If you are unlucky enough to slip on ice or snow and hit your head, the c.i. may also fly off. I lost one that way on a blustery evening. (My head hurt too.)

If you’re not wearing a hat on a windy day, the wind itself can dislodge the earpiece. That happened to me on a ferry last summer. A gust of wind swept my hair and the implant flew right off. Fortunately, the deck of the ferry was metal and so the magnet stuck to the metal deck instead of skittering overboard.

Tight hats or headbands can also be a problem. For me, they put pressure on my hearing aid ear, making it uncomfortable and sometimes evoking a squeal. If I hold an umbrella too close to my head, the spokes act as a magnet and pull the c.i. off.

So what’s the solution? Nothing very insightful. Be careful. Make sure you’re aware of your surroundings at all times. Take your hats, scarves and sweaters off carefully. Don’t wear your cochlear implant out in the wind (especially near water) unless you’re also wearing a hat or scarf to anchor it.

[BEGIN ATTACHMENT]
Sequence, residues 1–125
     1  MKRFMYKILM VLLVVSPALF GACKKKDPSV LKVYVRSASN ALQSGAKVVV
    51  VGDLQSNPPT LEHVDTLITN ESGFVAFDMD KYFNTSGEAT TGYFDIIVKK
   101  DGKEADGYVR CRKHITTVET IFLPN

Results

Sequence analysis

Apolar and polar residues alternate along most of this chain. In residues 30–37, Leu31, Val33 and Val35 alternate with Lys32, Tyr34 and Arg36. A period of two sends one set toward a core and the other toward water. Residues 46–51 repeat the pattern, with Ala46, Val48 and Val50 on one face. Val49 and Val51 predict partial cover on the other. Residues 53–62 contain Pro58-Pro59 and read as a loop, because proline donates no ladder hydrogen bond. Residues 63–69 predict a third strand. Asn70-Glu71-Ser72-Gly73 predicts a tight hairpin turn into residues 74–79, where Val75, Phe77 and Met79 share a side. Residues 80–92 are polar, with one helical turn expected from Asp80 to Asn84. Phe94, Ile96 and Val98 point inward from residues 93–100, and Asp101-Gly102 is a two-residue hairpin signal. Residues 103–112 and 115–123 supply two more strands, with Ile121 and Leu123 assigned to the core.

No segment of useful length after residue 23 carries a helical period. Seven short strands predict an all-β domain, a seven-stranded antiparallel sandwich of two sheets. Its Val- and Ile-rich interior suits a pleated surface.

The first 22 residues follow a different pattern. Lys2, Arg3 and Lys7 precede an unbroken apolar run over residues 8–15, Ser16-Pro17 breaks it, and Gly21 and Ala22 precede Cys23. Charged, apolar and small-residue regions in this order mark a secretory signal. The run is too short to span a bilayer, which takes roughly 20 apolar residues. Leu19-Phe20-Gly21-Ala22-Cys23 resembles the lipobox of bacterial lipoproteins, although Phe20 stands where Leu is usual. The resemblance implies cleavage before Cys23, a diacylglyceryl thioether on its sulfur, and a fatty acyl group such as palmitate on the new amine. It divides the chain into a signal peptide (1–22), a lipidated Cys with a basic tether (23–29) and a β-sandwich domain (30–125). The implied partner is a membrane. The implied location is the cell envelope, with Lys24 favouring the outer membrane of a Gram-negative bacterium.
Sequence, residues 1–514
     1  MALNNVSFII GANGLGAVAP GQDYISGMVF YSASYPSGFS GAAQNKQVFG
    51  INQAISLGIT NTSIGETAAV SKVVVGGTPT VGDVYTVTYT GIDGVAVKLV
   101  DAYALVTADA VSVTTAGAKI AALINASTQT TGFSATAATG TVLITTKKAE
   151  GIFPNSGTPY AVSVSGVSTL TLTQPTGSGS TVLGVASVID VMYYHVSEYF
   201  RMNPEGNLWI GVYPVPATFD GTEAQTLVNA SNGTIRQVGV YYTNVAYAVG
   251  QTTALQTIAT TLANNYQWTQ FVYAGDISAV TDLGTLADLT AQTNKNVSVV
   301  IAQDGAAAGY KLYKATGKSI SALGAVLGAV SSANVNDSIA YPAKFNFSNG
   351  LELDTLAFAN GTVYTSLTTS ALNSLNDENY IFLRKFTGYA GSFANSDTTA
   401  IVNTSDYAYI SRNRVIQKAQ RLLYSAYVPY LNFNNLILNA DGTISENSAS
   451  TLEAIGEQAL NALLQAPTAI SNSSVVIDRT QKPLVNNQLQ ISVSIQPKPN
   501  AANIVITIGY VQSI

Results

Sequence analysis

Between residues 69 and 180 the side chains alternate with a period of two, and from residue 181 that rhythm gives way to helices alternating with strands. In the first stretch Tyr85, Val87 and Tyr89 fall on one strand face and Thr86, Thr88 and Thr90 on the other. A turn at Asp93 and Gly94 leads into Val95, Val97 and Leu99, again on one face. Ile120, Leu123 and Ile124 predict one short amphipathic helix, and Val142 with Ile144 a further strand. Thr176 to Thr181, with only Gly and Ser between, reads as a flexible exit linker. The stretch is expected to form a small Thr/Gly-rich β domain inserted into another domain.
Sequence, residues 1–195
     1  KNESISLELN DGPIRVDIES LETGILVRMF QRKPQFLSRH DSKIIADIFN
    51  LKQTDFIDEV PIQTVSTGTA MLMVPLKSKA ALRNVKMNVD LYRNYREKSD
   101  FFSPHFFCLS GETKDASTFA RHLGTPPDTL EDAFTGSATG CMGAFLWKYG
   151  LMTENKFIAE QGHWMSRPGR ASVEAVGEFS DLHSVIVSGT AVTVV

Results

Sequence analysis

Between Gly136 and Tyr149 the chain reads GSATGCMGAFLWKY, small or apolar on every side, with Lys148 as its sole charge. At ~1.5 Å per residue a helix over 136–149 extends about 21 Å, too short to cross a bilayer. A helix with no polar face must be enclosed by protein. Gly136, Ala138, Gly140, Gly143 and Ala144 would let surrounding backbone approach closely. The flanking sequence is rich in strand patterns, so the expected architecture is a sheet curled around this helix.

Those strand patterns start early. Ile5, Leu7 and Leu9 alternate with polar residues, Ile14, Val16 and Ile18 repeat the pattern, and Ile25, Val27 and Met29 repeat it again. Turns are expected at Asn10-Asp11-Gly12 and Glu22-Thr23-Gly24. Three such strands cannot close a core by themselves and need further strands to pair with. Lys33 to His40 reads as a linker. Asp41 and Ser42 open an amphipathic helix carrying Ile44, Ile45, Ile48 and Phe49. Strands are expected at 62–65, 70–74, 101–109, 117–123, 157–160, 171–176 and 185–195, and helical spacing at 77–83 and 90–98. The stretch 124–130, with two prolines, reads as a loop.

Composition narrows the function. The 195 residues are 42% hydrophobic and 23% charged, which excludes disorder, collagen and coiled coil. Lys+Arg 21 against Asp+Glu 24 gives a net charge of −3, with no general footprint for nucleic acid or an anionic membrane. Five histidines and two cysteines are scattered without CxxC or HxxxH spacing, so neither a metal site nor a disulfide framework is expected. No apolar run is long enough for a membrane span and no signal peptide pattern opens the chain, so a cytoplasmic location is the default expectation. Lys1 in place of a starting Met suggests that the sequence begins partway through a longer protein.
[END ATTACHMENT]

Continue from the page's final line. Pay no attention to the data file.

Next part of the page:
What are your weather-related stories? Advice for others? Please share.

 

In Rural Areas Where Audiologists are Rare, Telemedicine Can Help

In November, the FDA issued a ruling that will make life easier for cochlear implant recipients living in rural areas.

Implant surgery and immediate follow-up for mapping and programming must be done at a medical center or specialized clinic, but the new FDA ruling would allow remote programming for later adjustments. The audiologist and patient communicate via two-way video, with the audiologist programming the implant via computer just as he or she would in person.1495316546168 copy